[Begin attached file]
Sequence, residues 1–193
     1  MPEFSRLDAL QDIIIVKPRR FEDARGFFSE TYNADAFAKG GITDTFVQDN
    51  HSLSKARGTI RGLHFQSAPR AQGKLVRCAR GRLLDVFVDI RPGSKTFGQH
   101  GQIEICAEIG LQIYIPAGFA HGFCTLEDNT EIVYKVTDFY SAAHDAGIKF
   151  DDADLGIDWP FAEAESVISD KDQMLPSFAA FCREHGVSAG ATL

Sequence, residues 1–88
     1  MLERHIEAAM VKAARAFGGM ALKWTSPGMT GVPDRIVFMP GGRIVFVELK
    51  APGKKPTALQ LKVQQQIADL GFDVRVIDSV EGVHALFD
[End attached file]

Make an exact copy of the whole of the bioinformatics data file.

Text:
Sequence, residues 1–193
     1  MPEFSRLDAL QDIIIVKPRR FEDARGFFSE TYNADAFAKG GITDTFVQDN
    51  HSLSKARGTI RGLHFQSAPR AQGKLVRCAR GRLLDVFVDI RPGSKTFGQH
   101  GQIEICAEIG LQIYIPAGFA HGFCTLEDNT EIVYKVTDFY SAAHDAGIKF
   151  DDADLGIDWP FAEAESVISD KDQMLPSFAA FCREHGVSAG ATL

Sequence, residues 1–88
     1  MLERHIEAAM VKAARAFGGM ALKWTSPGMT GVPDRIVFMP GGRIVFVELK
    51  APGKKPTALQ LKVQQQIADL GFDVRVIDSV EGVHALFD